Nitrogen Production Technologies
Our transdisciplinary research team at the West Central Research and Outreach Center (WCROC) is working to develop three novel nitrogen production technologies.
- The first technology is Absorbent Enhanced Ammonia Production. Professors Ed Cussler, Lanny Schmidt, and Alon McCormick in the Department of Chemical Engineering and Material Science have developed a new technology for ammonia production which can circumvent thermodynamic equilibrium and allow economical small-scale production. Based on results so far, it is possible to achieve greater than 85% conversion to ammonia in a single pass over the catalyst bed—much greater than the typical 20% conversion achieved in large commercial plants.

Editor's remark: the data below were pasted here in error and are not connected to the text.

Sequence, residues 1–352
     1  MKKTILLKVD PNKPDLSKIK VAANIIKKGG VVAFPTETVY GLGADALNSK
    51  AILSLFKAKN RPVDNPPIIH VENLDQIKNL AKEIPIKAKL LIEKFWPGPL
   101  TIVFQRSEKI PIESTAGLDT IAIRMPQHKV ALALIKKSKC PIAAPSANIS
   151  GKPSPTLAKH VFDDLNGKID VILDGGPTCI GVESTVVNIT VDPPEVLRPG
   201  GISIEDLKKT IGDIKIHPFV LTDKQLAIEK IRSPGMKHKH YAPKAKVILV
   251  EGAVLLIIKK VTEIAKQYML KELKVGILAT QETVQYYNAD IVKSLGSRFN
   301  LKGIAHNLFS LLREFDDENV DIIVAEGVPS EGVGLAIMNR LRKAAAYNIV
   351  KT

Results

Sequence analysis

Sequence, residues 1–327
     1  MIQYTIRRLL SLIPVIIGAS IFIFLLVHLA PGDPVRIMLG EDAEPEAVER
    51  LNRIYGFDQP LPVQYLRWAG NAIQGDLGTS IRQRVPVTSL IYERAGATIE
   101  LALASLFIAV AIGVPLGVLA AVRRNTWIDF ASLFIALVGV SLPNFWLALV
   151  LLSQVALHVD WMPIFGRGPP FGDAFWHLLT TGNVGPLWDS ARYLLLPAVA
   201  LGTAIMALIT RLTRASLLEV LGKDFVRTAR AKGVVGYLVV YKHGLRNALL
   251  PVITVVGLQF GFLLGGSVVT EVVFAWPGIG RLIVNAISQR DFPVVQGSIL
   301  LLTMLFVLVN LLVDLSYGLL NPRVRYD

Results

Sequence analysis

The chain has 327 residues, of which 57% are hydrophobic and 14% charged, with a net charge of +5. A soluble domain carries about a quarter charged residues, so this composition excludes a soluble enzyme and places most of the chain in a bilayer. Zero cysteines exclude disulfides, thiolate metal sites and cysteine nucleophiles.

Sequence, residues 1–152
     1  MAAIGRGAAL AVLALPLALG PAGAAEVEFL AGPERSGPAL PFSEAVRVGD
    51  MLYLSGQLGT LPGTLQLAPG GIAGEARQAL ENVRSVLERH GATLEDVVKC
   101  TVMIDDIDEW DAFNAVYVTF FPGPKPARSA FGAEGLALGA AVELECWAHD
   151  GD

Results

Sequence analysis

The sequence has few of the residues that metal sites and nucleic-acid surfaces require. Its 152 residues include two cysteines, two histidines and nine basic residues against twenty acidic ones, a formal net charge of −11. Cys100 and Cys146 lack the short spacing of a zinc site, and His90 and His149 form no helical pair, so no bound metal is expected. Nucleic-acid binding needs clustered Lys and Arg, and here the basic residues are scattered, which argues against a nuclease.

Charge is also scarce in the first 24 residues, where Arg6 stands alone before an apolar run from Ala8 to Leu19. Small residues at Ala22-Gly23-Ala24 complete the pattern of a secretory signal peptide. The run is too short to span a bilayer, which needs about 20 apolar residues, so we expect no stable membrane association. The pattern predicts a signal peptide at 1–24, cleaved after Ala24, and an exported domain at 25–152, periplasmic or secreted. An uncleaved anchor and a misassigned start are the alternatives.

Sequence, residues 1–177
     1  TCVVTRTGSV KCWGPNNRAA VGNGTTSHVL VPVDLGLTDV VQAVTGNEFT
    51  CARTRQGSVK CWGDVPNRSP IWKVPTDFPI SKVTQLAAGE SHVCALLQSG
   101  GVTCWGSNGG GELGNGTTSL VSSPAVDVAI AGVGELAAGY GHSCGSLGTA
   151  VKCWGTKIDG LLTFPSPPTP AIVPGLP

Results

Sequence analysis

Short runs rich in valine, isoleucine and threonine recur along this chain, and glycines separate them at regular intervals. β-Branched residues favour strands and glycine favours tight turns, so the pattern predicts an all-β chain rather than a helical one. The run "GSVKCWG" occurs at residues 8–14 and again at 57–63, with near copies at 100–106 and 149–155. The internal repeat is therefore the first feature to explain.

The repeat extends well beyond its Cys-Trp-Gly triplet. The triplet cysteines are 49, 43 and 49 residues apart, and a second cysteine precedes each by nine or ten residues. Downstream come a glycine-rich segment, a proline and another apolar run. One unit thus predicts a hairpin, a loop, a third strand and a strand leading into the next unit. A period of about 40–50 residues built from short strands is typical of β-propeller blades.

- Developed by Professor Roger Ruan and his team in the Department of Bioproducts and Biosystems Engineering, the second technology is Non-Thermal Plasma Assisted Catalysis (NTP). A non-thermal plasma reactor can produce ammonia at much lower temperatures and pressures than the conventional Haber-Bosch ammonia synthesis process. Recently, techniques were developed which significantly improve the reaction and conversion efficiency.
- The third technology involves the use of hydrochar derived from biomass to directly capture plant nutrients such as nitrogen or ammonia either via a production process or as part of bioremediation methods. The nitrogen enhanced hydrochar can then be used as a soil amendment. This technology is being developed by Professor Ken Valentas and his team within the Biotechnology Institute.
Overall, these technologies need to be further developed; tested at pilot scale; and then evaluated with respect to their commercial, environmental, economic, and policy implications. To accomplish these objectives, our research team has obtained funding through a MnDRIVE Transdisciplinary Research grant. View our Projects page for further funding detail.